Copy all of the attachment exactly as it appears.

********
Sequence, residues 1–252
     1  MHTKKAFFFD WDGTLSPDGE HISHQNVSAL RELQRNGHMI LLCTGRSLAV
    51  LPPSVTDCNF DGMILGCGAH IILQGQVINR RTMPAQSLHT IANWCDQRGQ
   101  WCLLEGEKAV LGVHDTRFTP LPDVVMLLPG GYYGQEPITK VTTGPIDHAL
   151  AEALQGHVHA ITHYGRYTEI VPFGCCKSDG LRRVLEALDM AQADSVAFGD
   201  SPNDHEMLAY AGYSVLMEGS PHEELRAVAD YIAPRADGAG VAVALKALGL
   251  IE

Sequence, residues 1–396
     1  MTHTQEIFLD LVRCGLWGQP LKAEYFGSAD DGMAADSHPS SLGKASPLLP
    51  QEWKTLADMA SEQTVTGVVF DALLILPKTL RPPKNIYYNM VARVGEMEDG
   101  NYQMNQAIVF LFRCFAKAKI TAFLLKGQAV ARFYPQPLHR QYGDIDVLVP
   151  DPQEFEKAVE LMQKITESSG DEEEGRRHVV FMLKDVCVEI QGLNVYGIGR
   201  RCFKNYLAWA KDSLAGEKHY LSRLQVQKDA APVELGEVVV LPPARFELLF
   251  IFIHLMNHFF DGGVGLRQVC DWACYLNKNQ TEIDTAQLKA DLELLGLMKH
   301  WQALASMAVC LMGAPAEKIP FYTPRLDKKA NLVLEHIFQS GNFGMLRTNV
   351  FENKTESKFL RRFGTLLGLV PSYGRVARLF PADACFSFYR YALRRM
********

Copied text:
Sequence, residues 1–252
     1  MHTKKAFFFD WDGTLSPDGE HISHQNVSAL RELQRNGHMI LLCTGRSLAV
    51  LPPSVTDCNF DGMILGCGAH IILQGQVINR RTMPAQSLHT IANWCDQRGQ
   101  WCLLEGEKAV LGVHDTRFTP LPDVVMLLPG GYYGQEPITK VTTGPIDHAL
   151  AEALQGHVHA ITHYGRYTEI VPFGCCKSDG LRRVLEALDM AQADSVAFGD
   201  SPNDHEMLAY AGYSVLMEGS PHEELRAVAD YIAPRADGAG VAVALKALGL
   251  IE

Sequence, residues 1–396
     1  MTHTQEIFLD LVRCGLWGQP LKAEYFGSAD DGMAADSHPS SLGKASPLLP
    51  QEWKTLADMA SEQTVTGVVF DALLILPKTL RPPKNIYYNM VARVGEMEDG
   101  NYQMNQAIVF LFRCFAKAKI TAFLLKGQAV ARFYPQPLHR QYGDIDVLVP
   151  DPQEFEKAVE LMQKITESSG DEEEGRRHVV FMLKDVCVEI QGLNVYGIGR
   201  RCFKNYLAWA KDSLAGEKHY LSRLQVQKDA APVELGEVVV LPPARFELLF
   251  IFIHLMNHFF DGGVGLRQVC DWACYLNKNQ TEIDTAQLKA DLELLGLMKH
   301  WQALASMAVC LMGAPAEKIP FYTPRLDKKA NLVLEHIFQS GNFGMLRTNV
   351  FENKTESKFL RRFGTLLGLV PSYGRVARLF PADACFSFYR YALRRM